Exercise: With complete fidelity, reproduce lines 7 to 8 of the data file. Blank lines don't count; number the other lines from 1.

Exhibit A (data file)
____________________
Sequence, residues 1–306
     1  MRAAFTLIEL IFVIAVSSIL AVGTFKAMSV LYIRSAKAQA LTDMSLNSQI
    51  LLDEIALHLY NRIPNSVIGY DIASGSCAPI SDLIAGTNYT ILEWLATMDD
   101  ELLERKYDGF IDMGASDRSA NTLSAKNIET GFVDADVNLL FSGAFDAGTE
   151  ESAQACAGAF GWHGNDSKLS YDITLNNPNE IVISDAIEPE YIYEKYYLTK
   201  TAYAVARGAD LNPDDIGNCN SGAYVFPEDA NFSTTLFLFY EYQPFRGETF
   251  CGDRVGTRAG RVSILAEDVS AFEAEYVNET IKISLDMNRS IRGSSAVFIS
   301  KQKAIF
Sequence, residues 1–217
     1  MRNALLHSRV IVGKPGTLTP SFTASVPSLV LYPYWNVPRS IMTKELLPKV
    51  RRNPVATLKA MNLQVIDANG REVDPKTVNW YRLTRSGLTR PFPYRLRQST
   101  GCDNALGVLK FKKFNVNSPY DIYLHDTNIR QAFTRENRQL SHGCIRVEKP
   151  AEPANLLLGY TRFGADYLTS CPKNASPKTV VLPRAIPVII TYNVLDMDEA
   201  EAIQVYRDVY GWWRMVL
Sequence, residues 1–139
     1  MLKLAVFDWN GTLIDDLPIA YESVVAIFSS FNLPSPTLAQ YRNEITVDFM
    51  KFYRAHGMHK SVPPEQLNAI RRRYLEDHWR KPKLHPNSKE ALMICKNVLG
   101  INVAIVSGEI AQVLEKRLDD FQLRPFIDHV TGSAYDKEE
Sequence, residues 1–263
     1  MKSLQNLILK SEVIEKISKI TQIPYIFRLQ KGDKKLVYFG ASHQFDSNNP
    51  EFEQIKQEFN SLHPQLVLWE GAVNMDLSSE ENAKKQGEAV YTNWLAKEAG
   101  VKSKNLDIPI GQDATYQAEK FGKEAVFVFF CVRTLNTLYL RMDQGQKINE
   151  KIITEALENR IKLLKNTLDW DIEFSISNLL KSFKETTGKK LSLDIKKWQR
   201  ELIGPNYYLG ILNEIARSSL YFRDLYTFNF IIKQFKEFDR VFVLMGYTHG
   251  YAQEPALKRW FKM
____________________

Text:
   251  CGDRVGTRAG RVSILAEDVS AFEAEYVNET IKISLDMNRS IRGSSAVFIS
   301  KQKAIF